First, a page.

South Carolina: Oconee County

Oconee County (pop. 74,273) is in the northwestern corner of South Carolina. The only other Oconee County is in Georgia.

The word “Oconee” is derived from a Cherokee word meaning “land beside the water.” The stress is on the second syllable.

Lake Jocassee

Oconee State Park is in the Blue Ridge Mountains near the community of Mountain Rest.

Whitewater Falls is nearby.

The county seat of Walhalla (pop. 4,623) was settled by German immigrants. It has an Oktoberfest every October.

The Oconee County Cage (circa 1900) is on display outside the Oconee Heritage Center. It was used as traveling quarters for chain gang workers.

14x8x7 feet

The Walhalla Graded School (1901) now houses the Walhalla Civic Auditorium.

Used for plays and concerts

The city of Seneca (pop. 8,102) was the birthplace (in 1957) of John Edwards, former U.S. senator and vice-presidential candidate.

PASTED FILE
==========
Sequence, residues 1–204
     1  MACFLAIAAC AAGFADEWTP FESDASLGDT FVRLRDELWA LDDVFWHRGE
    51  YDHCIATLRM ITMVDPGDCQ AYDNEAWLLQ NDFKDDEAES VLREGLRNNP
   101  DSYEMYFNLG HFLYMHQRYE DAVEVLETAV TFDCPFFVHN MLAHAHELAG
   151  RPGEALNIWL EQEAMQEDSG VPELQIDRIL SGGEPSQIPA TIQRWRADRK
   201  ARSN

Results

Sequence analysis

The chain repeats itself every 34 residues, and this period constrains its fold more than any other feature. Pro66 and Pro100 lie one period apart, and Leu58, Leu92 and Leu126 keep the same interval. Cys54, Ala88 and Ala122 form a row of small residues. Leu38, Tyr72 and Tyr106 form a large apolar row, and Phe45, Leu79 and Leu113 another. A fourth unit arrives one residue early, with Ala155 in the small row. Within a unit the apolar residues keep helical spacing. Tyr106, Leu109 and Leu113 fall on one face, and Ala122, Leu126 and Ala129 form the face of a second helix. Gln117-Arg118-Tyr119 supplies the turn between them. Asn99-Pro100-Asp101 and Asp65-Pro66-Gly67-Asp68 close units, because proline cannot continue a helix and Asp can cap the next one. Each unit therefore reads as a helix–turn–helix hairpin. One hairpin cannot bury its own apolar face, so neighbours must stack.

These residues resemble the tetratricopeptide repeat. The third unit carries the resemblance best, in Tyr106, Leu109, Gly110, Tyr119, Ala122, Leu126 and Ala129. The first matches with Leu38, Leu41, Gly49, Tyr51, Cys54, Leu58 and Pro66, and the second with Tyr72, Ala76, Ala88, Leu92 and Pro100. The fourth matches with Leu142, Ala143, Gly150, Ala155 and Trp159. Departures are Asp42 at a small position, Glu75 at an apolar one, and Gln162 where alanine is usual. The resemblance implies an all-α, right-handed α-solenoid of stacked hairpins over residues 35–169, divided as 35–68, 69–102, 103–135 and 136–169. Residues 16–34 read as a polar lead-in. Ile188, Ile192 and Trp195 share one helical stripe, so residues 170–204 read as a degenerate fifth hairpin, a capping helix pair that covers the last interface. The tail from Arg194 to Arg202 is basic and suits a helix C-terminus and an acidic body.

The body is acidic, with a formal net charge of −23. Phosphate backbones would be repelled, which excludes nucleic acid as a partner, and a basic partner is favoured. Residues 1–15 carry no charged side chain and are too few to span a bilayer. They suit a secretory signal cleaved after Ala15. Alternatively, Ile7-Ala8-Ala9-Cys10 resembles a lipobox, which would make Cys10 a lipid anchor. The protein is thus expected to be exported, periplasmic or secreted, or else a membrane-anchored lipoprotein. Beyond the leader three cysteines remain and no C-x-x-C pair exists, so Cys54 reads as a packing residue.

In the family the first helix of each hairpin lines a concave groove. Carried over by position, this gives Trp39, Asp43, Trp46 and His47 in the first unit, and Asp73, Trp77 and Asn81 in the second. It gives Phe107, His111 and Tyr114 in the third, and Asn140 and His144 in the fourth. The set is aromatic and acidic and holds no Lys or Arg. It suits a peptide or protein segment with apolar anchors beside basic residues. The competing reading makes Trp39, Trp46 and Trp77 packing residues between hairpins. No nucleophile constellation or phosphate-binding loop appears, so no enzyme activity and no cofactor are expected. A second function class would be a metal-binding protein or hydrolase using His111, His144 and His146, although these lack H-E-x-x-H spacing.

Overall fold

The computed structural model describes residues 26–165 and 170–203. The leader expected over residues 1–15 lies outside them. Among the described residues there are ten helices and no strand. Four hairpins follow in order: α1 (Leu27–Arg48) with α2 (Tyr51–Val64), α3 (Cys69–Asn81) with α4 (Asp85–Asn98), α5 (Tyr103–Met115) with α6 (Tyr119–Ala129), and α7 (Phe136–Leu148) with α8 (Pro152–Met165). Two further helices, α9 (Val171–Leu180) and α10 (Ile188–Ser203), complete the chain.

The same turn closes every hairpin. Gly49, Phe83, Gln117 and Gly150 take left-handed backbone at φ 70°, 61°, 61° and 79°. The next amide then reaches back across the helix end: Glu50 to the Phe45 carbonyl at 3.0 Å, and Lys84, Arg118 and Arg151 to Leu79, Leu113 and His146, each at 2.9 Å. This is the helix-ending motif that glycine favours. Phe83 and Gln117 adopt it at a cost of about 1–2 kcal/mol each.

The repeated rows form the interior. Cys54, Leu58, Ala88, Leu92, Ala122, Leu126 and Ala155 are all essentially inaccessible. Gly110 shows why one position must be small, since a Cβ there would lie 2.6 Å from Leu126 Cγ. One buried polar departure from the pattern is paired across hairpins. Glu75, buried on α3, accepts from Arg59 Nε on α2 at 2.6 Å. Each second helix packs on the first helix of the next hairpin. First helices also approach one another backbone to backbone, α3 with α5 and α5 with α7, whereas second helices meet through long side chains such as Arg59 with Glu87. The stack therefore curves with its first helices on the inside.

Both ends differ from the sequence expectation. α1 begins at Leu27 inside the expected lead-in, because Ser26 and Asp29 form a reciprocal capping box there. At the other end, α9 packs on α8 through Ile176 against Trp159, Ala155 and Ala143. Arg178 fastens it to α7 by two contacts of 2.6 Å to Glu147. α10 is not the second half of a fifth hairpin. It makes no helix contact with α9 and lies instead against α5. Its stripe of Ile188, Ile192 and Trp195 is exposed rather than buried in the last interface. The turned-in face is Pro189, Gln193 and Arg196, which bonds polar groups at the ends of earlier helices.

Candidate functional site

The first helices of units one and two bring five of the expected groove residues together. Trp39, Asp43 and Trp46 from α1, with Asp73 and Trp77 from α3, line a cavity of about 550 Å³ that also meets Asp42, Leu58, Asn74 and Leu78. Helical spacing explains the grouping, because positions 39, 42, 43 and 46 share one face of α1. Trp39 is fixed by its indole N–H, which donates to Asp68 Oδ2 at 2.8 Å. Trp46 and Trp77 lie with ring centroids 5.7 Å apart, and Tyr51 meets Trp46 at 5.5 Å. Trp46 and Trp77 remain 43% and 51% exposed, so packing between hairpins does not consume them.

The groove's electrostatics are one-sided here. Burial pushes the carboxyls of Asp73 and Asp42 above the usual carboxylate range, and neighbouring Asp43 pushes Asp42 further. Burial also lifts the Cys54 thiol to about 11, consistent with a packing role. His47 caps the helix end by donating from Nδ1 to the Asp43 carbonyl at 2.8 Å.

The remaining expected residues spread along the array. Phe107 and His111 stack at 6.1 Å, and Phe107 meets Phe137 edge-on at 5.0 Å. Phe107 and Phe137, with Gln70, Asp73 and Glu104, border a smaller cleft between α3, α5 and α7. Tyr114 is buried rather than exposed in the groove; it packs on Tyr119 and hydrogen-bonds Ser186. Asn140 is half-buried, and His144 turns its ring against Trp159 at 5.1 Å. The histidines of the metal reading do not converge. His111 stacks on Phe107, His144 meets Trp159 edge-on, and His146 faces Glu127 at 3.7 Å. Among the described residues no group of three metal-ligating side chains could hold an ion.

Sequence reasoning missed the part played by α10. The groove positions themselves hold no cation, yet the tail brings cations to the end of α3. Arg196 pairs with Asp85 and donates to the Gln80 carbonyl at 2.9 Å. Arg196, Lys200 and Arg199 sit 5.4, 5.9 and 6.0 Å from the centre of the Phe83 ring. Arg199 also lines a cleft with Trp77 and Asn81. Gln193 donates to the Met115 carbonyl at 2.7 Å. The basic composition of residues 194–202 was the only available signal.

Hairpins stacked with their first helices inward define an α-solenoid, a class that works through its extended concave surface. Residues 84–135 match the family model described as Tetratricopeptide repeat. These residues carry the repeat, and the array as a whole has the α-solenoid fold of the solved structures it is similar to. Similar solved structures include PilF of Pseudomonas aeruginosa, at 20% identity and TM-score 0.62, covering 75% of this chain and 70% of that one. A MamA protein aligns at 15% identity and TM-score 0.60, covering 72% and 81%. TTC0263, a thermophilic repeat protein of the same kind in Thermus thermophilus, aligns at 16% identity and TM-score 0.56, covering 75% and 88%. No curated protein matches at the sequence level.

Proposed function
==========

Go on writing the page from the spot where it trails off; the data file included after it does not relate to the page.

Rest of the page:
He ran with John Kerry in 2004.

Westminster (pop. 2,743) hosts the annual South Carolina Apple Festival in September.

The town also has Mayberry Days in April.

The Stumphouse Mountain Tunnel is an incomplete railroad tunnel, dating from 1856.

Now a public park

NEXT STATE: WYOMING (coming soon)

South Carolina: Pickens County

Pickens County (pop. 119,224) is west of Greenville County. It is one of three Pickens counties in the U.S.

All three were named for Andrew Pickens (1739-1817), a hero of the Revolutionary War.

The county seat is the city of Pickens (pop. 3,126).

Pickens County Courthouse

Pickens County is best known as the home of Clemson University, located in the city of Clemson (pop. 13,903). Clemson University, founded in 1889, is a public university with about 20,000 students.